If you haven’t watched “Dramatics, Your Honor,” the March 23rd episode of “The Good Wife,” you may want to skip this one.
But everyone who did tune in to the promised epic installment of the CBS drama, one written by series creators and showrunners Robert and Michelle King, witnessed the sudden and shocking death of Will Gardner (Josh Charles). Will wasn’t just one of the show’s main characters, he was a major foil for its protagonist Alicia Florrick (Julianna Margulies), having been at different points her friend, partner, lover and foe. He died at the hands of one of his clients, Jeffery Grant (Hunter Parrish), leaving fans reeling.
It’s to those fans that the Kings have penned a letter explaining why they chose to have the character go out this way after Charles decided he wasn’t going to stay on for another season. It’s an interesting move on their part — as much as there’s ultimately only so much the producers can do to keep cast members on board, having Will killed wasn’t, as they acknowledge, the only possibility in writing him off. Charles was very good in nuanced role, and the Kings defend their decision by noting that “The Good Wife” is, ultimately, about Alicia, and that Will’s death will have a major impact on her journey.
Check out the letter below:
Dear Loyal Good Wife Fans,
We, like you, mourn the loss of Will Gardner. And while Will is gone, our beloved Josh Charles is very much alive and remains an integral part of our family.
“The Good Wife,” at its heart, is the “Education of Alicia Florrick.” To us, there always was a tragedy at the center of Will and Alicia’s relationship: the tragedy of bad timing. And when faced with the gut punch of Josh’s decision, made over a year ago, to move on to other creative endeavors, we had a major choice to make.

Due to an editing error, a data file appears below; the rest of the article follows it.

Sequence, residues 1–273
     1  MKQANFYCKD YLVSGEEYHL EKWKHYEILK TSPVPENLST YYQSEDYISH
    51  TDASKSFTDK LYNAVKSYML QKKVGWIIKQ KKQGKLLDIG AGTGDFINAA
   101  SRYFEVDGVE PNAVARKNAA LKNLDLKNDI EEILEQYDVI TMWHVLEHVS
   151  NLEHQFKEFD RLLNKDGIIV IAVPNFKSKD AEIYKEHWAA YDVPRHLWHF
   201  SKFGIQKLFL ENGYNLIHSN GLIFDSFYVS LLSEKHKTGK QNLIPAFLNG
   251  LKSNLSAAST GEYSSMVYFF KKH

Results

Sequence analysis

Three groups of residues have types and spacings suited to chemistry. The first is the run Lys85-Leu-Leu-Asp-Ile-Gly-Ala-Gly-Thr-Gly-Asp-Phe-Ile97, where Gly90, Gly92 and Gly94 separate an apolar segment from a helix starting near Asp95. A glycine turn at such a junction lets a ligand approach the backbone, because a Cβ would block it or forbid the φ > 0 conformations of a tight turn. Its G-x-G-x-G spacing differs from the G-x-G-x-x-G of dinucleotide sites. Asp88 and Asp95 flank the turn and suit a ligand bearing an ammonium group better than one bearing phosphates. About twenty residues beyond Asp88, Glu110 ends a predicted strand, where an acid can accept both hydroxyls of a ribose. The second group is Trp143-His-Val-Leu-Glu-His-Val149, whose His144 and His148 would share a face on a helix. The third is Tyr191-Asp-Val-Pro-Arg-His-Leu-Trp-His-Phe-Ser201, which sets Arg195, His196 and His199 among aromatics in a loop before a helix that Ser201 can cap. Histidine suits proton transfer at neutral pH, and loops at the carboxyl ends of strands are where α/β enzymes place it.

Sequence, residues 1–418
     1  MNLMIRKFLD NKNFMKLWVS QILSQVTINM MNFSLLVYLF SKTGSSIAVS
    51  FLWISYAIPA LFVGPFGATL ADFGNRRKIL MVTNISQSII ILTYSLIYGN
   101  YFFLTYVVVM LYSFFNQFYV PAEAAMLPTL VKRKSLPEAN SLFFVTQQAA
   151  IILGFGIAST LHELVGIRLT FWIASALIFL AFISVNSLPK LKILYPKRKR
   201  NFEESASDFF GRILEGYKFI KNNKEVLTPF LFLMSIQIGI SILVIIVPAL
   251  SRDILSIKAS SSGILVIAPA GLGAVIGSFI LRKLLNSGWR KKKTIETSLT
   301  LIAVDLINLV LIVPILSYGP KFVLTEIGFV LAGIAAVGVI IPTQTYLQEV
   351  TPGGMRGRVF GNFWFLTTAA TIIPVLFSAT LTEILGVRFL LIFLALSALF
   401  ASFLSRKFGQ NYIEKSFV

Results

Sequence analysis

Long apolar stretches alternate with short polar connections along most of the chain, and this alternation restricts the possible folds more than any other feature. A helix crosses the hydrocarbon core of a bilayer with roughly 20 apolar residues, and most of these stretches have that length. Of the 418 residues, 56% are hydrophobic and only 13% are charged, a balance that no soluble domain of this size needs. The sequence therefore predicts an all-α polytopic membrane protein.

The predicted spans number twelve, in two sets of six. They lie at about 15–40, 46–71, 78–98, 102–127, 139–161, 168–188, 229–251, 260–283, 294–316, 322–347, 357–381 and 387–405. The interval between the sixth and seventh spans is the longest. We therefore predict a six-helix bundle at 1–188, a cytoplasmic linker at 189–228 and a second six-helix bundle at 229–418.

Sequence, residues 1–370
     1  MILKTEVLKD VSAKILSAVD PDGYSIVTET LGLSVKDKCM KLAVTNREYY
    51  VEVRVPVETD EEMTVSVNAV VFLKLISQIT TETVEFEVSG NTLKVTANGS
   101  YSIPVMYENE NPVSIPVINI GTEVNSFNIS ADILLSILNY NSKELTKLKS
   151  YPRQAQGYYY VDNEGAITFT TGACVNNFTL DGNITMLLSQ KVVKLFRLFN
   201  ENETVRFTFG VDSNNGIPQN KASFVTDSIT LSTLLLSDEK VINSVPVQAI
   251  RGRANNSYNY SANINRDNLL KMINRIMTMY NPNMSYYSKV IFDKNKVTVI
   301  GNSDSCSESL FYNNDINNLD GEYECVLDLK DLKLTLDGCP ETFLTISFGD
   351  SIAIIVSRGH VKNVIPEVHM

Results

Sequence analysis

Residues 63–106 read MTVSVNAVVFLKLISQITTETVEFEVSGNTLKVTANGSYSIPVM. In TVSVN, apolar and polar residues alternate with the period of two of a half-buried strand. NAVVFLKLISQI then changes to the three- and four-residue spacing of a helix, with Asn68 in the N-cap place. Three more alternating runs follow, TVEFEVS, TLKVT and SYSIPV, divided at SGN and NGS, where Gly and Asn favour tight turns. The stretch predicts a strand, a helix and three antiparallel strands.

We could “send him off to Seattle,” he could be disbarred, or get married, or go off to Borneo to do good works. But there was something in the passion that Will and Alicia shared that made distance a meager hurdle. The brutal honesty and reality of death speaks to the truth and tragedy of bad timing for these two characters. Will’s death propels Alicia into her newest incarnation.
Death also created a new dramatic “hub” for the show. We’re always looking for these turning points — some event midway through the season that will spin everybody’s lives in new directions. These turning points keep the show from slipping into a numbing sameness, and keep the characters fresh: because you see how they react to a completely new status quo. Will’s death in many ways becomes a hub for the whole series, violently spinning everybody in new directions.
Finally, we chose the tragic route for Will’s send-off for personal reasons. We’ve all experienced the sudden death of a loved one in our lives. It’s terrifying how a perfectly normal and sunny day can suddenly explode with tragedy. Television, in our opinion, doesn’t deal with this enough: the irredeemability of death. Your last time with the loved one will always remain your last time. “The Good Wife” is a show about human behavior and emotion, and death, as sad and unfair as it can be, is a part of the human experience that we want to share.
Thank you for listening… and watching and caring and inspiring us to rise to the level of your passion and intelligence. There are seven wonderful episodes to follow this season and Josh will be directing one of them. We think you will enjoy them. It’s not all tears — there is comedy too. Michael J. Fox is back for four episodes. Dylan Baker. Dallas Roberts. Stockard Channing, as well as amazing new guest actors. And of course, Julianna does some of the best work of her life. Archie, Christine, Alan, Chris and Matt as well. Life does go on.
We’ve always taken as a guiding principle of this show that drama isn’t in the event; it’s in the aftermath of the event. We think you’ll find that true of this episode.
Thank you for your devotion to the show – we are continually grateful.
With all our thanks,
Robert & Michelle King